PSA Peugeot-Citroen is seeing difficult times ahead, as the cost of insuring the company soared more than any company in Europe.
The reason for this is that insurers are worried that PSA’s asset sales won’t be enough to revive the carmaker’s finances. Credit-default swaps on PSA rose to a more than two-week high of 758 basis points at 12:50 p.m. in London on Friday, from 647 on Sept. 14, which is the biggest weekly increase since May 2010. The contracts now imply a 48 percent chance of default within five years.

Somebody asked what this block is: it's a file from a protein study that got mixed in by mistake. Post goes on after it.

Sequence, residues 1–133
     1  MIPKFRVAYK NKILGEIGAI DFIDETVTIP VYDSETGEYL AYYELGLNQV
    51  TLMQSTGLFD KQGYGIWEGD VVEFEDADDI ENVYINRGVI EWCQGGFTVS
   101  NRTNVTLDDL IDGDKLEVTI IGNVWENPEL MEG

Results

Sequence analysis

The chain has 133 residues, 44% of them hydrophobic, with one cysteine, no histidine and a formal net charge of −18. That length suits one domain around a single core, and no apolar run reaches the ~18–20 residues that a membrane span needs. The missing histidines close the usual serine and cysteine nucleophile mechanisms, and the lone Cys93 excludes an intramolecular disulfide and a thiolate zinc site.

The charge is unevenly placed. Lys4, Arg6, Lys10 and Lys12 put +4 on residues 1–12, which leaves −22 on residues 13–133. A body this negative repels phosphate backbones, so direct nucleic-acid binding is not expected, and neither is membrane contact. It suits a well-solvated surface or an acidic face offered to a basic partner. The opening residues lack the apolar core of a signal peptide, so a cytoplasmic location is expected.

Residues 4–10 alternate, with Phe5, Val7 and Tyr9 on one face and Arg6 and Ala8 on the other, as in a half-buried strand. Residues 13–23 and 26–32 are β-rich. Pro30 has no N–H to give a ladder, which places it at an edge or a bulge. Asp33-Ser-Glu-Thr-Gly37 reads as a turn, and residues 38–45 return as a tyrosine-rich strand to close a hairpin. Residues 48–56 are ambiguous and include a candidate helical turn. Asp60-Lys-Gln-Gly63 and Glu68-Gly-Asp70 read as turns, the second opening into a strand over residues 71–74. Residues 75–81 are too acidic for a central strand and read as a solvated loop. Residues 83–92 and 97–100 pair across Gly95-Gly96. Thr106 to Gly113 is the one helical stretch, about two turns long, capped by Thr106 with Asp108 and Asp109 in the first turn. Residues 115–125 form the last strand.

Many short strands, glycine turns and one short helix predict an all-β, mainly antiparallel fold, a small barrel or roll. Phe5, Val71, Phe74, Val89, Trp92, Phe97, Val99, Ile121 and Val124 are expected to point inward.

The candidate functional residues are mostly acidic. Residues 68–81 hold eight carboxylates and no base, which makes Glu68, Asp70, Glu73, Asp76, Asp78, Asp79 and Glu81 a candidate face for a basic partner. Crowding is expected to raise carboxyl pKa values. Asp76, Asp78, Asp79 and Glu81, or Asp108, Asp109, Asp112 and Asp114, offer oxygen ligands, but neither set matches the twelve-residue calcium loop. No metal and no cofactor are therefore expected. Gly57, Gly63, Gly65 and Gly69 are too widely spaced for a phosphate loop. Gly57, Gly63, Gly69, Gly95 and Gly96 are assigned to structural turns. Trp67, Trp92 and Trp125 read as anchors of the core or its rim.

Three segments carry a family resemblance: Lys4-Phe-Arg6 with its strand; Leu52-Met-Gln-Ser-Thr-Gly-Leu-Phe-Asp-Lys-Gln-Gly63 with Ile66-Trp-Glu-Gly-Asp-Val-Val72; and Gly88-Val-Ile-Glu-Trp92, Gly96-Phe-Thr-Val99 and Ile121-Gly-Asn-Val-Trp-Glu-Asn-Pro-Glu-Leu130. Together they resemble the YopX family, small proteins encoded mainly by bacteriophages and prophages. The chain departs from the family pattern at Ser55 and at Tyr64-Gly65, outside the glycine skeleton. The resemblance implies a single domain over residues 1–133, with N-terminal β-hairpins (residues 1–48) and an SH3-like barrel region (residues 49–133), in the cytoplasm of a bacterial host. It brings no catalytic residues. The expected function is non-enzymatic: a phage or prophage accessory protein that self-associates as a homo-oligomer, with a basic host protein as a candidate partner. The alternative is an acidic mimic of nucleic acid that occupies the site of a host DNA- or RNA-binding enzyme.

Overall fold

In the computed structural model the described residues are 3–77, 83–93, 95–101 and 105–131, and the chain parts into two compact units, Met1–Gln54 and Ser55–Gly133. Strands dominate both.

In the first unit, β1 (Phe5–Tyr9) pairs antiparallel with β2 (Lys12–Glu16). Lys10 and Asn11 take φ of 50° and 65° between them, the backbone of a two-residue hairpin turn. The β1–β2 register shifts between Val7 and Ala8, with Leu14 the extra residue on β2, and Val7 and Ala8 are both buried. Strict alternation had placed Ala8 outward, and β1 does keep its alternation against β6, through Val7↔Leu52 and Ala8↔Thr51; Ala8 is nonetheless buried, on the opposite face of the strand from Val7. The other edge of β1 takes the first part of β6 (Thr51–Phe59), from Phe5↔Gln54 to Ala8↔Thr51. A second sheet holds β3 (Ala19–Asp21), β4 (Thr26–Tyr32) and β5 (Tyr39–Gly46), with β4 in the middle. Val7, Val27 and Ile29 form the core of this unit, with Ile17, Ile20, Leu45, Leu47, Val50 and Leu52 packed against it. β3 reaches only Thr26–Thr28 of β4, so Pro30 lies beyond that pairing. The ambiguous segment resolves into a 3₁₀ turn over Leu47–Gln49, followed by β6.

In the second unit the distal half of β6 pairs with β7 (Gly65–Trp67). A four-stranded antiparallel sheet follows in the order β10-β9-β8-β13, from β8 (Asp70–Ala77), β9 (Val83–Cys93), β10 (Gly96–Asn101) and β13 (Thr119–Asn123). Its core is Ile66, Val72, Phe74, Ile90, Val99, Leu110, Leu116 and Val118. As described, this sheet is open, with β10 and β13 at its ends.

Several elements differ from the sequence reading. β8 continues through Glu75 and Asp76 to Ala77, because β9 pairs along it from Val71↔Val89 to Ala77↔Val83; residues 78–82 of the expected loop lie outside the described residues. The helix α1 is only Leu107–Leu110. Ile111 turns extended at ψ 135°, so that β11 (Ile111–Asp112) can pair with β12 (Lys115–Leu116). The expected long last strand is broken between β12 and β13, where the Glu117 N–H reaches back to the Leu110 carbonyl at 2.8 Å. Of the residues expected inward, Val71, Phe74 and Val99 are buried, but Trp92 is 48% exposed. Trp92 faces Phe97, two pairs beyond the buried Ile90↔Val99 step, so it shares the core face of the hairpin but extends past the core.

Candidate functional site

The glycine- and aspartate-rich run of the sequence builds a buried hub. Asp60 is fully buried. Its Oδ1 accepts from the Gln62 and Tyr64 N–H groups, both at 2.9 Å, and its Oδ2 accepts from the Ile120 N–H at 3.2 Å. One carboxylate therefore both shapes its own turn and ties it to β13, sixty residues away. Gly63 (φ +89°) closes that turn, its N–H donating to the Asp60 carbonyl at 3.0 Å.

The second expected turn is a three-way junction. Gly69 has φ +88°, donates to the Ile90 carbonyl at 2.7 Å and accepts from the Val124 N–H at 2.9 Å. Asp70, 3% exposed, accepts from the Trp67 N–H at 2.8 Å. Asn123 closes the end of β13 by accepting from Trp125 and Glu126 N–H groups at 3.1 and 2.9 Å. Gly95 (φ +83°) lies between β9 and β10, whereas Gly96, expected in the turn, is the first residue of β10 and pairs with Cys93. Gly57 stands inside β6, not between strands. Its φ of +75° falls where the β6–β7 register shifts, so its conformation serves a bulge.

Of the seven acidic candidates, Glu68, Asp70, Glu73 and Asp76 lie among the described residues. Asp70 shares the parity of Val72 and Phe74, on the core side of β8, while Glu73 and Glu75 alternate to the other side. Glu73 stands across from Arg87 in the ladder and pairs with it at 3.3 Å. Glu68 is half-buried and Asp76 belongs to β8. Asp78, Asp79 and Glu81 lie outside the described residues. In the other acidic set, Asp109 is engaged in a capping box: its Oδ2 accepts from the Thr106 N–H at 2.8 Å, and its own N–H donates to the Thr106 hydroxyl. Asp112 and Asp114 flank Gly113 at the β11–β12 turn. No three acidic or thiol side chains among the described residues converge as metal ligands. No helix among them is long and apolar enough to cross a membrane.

PSA Peugeot Citroen wasn’t helped by French President Francois Hollande’s remarks either. On Thursday, Hollande said Europe’s second-largest carmaker is in “severe” difficulties after its rating was cut to three levels below investment grade by Fitch Ratings on September 19.
Peugeot agreed this week to sell 75 percent of its Gefco logistics unit to Russian Railways for 900 million euros ($1.2 billion) in order to boost its balance sheet. However, the Gefco sale is seen by analysts as a medium-term failure, as PSA loses a profitable business, even though on short-term it brings the company much needed cash.
For the last year, PSA’s automotive division has been losing 200 million euros in cash every month, with the company reporting an 819 million euro first half net loss.